Nearly half of the UK’s fruit and vegetables are now produced to the environmental standards demanded by the LEAF Marque accreditation scheme.
Analysis by LEAF (Linking Environment And Farming) in its global impacts report shows more than 90 per cent of farmed British lettuce, leeks and asparagus and at least three quarters of onions, peppers, beetroot, parsnips, watercress, cherries and broccoli are grown to the Integrated Farm Management standards which require farmers to monitor and improve their use of inputs and manage resources such as water, soil and energy more effectively.
The largest single crop grown under the system is wheat at more than 80,000 hectares.
The standard is now used by farmers in 27 countries with farms in Tunisia and Zambia gaining accreditation in the last year. Meanwhile, the Island of Jersey requires all its farmers to achieve LEAF Marque certification to access support.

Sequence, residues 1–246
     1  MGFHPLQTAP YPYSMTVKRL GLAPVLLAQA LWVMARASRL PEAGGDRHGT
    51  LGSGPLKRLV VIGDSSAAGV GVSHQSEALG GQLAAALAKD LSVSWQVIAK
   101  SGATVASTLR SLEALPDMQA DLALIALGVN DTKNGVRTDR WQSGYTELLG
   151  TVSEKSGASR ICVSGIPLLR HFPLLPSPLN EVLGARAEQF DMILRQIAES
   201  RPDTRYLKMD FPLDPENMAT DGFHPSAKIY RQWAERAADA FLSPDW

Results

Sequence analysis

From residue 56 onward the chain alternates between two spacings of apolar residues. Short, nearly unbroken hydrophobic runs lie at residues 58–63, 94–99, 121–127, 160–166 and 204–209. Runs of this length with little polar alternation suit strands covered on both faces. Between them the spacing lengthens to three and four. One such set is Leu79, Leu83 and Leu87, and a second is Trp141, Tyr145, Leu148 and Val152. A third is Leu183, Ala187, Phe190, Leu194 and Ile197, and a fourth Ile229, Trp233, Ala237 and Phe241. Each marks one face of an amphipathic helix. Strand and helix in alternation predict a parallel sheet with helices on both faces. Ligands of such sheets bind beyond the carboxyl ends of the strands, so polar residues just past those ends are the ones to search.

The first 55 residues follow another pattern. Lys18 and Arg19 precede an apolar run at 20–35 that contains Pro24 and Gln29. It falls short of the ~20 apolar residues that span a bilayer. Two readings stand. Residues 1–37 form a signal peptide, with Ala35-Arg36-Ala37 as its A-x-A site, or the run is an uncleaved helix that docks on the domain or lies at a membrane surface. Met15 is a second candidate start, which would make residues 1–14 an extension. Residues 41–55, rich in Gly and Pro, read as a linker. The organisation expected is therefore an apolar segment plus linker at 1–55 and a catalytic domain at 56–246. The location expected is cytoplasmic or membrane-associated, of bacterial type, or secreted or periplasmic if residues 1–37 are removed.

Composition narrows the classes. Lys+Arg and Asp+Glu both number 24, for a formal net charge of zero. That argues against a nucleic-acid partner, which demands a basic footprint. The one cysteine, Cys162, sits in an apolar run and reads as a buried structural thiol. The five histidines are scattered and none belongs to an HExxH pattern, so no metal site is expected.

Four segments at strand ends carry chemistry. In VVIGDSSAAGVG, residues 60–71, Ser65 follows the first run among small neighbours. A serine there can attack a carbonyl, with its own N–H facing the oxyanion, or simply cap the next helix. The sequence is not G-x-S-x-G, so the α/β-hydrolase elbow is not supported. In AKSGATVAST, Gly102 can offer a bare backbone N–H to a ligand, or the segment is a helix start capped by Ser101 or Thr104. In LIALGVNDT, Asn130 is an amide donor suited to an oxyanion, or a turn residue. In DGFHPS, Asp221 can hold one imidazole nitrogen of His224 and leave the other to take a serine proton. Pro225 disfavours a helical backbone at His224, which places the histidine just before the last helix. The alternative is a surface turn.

“We are looking to replicate this model elsewhere as countries change the way they support their farms,” said Tom Green, chairman of LEAF Marque.
“Supermarkets are also seeing the value of the scheme as they seek to meet environmental targets. Waitrose has insisted all its UK-grown fruit and vegetables are LEAF Marque certified since the scheme began in 2006 and Marks & Spencer now includes certification as one of its Plan A attributes. We remain focused on building partnerships across the supply chain, particularly in the livestock sector.”
The report was compiled before the Covid-19 pandemic but LEAF chief executive Caroline Drummond believed the virus will have a profound impact on how food is produced.
“What is clear is that Corvid-19 has resulted in a huge disruption to the food chain. Without a doubt the spotlight in the future will be on food security, in its broadest sense including food availability, self-sufficiency and domestic stocks, safety, fraud and of course, the capability of farmers and growers to produce.”